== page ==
sdf PhD





Exploring visual representation of sound
in computer music software through
programming and composition



Selected content from
a thesis submitted with a portfolio of works to the University of Huddersfield in partial fulfilment of the requirements for the degree of Doctor of Philosophy

December 2013

Samuel David Freeman

Minor amendments
April–June 2014

2.3 Looking at looking at sound

This chapter has identified ways in which sound may manifest visual patterns on the surface of a physical system. In Chladni/Jenny type Cymatics the acoustic interactions of physical matter give rise to formations and shapes that favour resonance within the system. To the human eye the manifestation of these shapes is perceived as an instantaneous reaction to the sound that is happening 'now'; oscillations within this type of system are of frequencies that are perceived as sound and so the eye may only perceive the patterns resultant of their periodicity. In the harmonograph sub-sonic oscillations are traced over relatively long periods of time to reveal, at a rate comprehensible to the eye, the shapes of what are, in principle, acoustic interactions.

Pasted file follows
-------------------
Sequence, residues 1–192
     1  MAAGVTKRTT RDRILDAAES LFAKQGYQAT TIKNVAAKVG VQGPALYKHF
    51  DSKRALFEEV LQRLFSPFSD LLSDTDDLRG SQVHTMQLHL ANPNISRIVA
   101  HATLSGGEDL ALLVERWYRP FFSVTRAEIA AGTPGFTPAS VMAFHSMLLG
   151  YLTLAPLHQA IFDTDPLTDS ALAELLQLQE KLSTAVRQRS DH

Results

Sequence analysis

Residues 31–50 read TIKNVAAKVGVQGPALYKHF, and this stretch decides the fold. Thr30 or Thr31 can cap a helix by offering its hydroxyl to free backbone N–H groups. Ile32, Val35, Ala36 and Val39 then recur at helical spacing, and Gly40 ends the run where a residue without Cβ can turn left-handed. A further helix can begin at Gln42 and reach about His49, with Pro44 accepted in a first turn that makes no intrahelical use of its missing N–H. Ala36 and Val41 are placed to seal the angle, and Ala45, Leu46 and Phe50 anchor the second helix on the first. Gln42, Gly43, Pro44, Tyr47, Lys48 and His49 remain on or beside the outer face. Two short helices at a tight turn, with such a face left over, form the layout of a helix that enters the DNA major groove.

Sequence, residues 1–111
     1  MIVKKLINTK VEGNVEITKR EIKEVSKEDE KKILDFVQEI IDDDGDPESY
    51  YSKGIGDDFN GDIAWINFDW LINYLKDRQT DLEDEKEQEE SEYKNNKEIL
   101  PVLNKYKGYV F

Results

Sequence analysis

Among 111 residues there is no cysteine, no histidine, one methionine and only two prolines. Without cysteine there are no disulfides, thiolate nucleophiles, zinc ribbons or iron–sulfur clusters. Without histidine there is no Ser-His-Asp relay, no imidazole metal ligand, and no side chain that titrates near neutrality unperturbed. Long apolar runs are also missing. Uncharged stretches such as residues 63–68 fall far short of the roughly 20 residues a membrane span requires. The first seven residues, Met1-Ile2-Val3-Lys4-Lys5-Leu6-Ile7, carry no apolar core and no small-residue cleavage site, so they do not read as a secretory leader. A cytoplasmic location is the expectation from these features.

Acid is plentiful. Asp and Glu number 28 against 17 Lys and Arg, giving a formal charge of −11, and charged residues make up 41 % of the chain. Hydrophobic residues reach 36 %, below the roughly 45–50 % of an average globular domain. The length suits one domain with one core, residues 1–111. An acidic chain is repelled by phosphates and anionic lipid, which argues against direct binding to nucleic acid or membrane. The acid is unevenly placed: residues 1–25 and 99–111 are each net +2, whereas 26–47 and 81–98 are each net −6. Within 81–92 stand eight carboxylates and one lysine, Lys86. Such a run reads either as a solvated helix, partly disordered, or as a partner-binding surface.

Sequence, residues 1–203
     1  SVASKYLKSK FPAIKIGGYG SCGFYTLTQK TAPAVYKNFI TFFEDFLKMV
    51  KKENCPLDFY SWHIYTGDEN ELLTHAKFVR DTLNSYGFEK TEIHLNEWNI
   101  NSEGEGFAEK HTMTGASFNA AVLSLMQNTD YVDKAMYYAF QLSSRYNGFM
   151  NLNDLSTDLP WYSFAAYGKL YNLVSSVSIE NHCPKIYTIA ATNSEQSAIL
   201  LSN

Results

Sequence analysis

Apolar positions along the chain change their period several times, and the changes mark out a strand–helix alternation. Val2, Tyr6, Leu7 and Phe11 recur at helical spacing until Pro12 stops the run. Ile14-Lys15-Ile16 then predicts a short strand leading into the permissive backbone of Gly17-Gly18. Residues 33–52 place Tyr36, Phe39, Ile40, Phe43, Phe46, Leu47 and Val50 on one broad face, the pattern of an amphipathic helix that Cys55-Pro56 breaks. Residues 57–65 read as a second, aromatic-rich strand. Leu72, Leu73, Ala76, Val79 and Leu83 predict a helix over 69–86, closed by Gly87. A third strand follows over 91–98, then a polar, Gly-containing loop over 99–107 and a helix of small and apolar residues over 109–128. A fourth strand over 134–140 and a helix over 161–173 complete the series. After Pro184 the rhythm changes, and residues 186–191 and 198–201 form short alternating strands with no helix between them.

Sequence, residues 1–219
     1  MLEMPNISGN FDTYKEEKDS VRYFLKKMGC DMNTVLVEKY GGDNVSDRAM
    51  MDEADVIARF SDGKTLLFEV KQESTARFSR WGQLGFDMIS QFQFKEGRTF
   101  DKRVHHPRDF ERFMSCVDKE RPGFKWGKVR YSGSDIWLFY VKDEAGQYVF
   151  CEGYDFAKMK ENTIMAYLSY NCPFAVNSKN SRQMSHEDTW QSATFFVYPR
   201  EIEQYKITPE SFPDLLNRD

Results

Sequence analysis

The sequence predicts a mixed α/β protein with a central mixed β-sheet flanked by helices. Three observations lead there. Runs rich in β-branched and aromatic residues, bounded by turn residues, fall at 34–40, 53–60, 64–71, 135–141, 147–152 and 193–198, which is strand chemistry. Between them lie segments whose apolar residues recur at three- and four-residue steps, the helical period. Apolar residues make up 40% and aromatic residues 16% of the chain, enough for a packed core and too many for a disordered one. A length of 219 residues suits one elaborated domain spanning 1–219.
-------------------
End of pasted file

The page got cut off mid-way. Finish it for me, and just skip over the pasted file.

Harmonograms and Cymatic patterns can bring only specific harmonic content to the visual domain, providing representations of the motion that has occurred within a two- or three-dimensional space. Although manifest over time, the passage of time is not itself represented in these cases. In the phonautograph and related systems the passage of time is represented as one of the visual dimensions allowing representations of arbitrary sound to be written.

Some psychological aspects of perception have also been introduced. Concepts pertaining both to psychoacoustic and visual perception – as well as to the physical phenomena discussed above – are engaged by this project as inspiration in the creation of, and composition with, computer music software systems.


← 2.2: Looking at psychological aspects

3: In software, on screen →